However, it can also be a time when people of a vata nature may experience restlessness, so choose a calm environment in which you can work while minimizing excessive sensory input such as bright lights and noise.

Instead, settle into a peaceful environment and grab a cup of herbal tea and a warm blanket. Vata is the most delicate of the doshas, ​​and the most likely to become imbalanced, as it is the dosha of movement. By keeping him at ease at this time of day, his creative gifts can manifest and imbalances avoided.

As the cycle continues and we move towards night, the dosha times repeat themselves.

Ayurvedic cycles of time at night

Kapha time

Kapha becomes dominant again from 6:00 p.m. at 10 p.m, when the water and earth elements accumulate again. These heavy qualities tell you it’s time to relax. Eat a light, early dinner (don’t overeat at dinner – avoid heavy foods), and settle in for the night.

Around 10 p.m, you have to sleep. By going to bed during the kapha hour, the heaviness of this hour will help you fall asleep easily and naturally.

In the last hour or two before bed (around 8:00 p.m. to 10:00 p.m.), only engage in calming activities that nourish and soothe you. No fuss, no painful conversation, no violent TV shows – or it can interfere with sleep! Instead, take a hot bath, sip tea by the fire, listen to soothing music, enjoy a light conversation with loved ones.

Pitta Time

At 10 p.m., I hope you are well in bed, sound asleep. This is important because Pitta regulates activity and while you sleep is no exception. The pitta time of the night is from 10:00 p.m. to 2:00 a.m. It is important because this is the time of internal cleansing.

If you stay awake during this important time, you are missing out on the benefits of this hour of cleansing. In fact, if you’re still awake you might find that the food cravings kick in and find yourself in the fridge. Looking for ice cream or leftover pizza, as the digestive force is going to search for something to digest. . Your body will thank you for skipping this and falling asleep instead!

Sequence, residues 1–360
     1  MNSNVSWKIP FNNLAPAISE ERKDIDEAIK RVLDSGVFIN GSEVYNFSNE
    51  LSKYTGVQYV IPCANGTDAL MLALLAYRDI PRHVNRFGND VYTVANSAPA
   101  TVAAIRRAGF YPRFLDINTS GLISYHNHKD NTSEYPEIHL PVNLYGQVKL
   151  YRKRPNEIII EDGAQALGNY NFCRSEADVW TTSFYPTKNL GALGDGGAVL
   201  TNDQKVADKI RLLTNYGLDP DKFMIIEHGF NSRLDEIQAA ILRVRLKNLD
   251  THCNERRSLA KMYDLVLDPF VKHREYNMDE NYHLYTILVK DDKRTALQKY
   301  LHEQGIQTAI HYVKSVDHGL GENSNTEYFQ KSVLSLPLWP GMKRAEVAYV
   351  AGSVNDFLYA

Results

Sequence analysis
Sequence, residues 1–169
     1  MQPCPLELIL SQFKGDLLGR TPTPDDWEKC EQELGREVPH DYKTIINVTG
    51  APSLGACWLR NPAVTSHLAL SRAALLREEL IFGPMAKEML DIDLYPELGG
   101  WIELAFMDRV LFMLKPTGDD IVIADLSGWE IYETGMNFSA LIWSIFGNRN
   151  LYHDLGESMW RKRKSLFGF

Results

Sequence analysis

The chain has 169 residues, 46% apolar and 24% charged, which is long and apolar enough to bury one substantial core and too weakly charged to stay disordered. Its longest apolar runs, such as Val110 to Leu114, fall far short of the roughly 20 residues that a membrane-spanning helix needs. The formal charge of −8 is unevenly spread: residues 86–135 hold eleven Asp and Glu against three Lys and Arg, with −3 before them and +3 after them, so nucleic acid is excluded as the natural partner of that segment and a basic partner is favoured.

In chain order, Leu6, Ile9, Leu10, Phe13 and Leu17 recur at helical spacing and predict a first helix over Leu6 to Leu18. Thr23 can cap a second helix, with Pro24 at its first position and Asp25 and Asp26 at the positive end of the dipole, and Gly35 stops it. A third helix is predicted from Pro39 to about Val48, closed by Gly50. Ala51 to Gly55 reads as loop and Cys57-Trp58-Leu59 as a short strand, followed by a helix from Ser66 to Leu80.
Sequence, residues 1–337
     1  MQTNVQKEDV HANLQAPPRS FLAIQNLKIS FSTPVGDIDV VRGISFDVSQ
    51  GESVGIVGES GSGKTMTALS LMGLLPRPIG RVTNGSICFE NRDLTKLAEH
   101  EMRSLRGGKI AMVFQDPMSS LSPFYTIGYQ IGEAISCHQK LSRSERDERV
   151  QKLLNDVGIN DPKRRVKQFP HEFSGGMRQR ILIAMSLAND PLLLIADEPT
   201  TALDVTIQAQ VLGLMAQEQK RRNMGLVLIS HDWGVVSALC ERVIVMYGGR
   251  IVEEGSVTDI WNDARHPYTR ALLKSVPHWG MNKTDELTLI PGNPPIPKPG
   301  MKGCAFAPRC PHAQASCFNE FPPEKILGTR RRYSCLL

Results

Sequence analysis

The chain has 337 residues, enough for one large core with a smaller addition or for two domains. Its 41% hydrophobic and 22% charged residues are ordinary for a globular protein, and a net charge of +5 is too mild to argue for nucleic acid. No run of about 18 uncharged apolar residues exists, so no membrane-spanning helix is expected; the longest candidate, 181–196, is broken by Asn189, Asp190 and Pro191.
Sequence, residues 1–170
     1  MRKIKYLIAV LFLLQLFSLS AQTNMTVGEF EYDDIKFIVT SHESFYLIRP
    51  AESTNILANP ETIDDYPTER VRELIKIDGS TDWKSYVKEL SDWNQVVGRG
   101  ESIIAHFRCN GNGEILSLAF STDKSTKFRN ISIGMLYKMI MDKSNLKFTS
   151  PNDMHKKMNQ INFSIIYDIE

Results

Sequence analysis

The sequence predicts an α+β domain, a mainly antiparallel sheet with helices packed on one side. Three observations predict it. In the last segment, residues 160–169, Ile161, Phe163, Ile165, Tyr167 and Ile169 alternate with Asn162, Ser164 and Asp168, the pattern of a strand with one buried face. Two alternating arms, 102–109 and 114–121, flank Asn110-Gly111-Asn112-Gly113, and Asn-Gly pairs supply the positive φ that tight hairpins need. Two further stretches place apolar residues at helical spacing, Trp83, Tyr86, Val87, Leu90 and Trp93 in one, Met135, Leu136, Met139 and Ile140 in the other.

Vata Time

Vata Time returns from 2:00 a.m. to 6:00 a.m, marking another transition time. However, early morning vata time is not a time of creativity, but rather of receptivity. Yogis long ago discovered that this time of day, when air and ether dominate, is the best time for meditation, prayer, chanting, and other spiritual practices.

By getting up before 6:00 a.m, you are able to maximize this experience, spending that peaceful time of day in spiritual activities.

If you are still in bed, you may find that your sleep is light and disturbed, or that you wake up and find it difficult to close your mind. Meditation at this time can be a challenge for some, especially if you have a lot of vata in your nature or have a vata imbalance.

Using a mantra or affirmations, doing yoga and pranayama can be very helpful in calming the mind. Having a cup of warm milk in the evening before bed with a pinch of freshly grated nutmeg is good. Do gentle yoga, or inhaling soothing essential oils such as lavender or jatamansi to calm the mind. You can aslo practice soothing pranayama like Nadi Shodhana.

By listening to nature’s signals and following her rhythms, she will reward you with health, balance and peace of mind.


[Physiology of the biological clock] – PubMed (

Biological rhythms: clocks for all times – PubMed (

Biological clocks and the digestive system – PubMed (

[Biological clocks of food] – PubMed (

Biological clocks: mechanisms and developments – PubMed (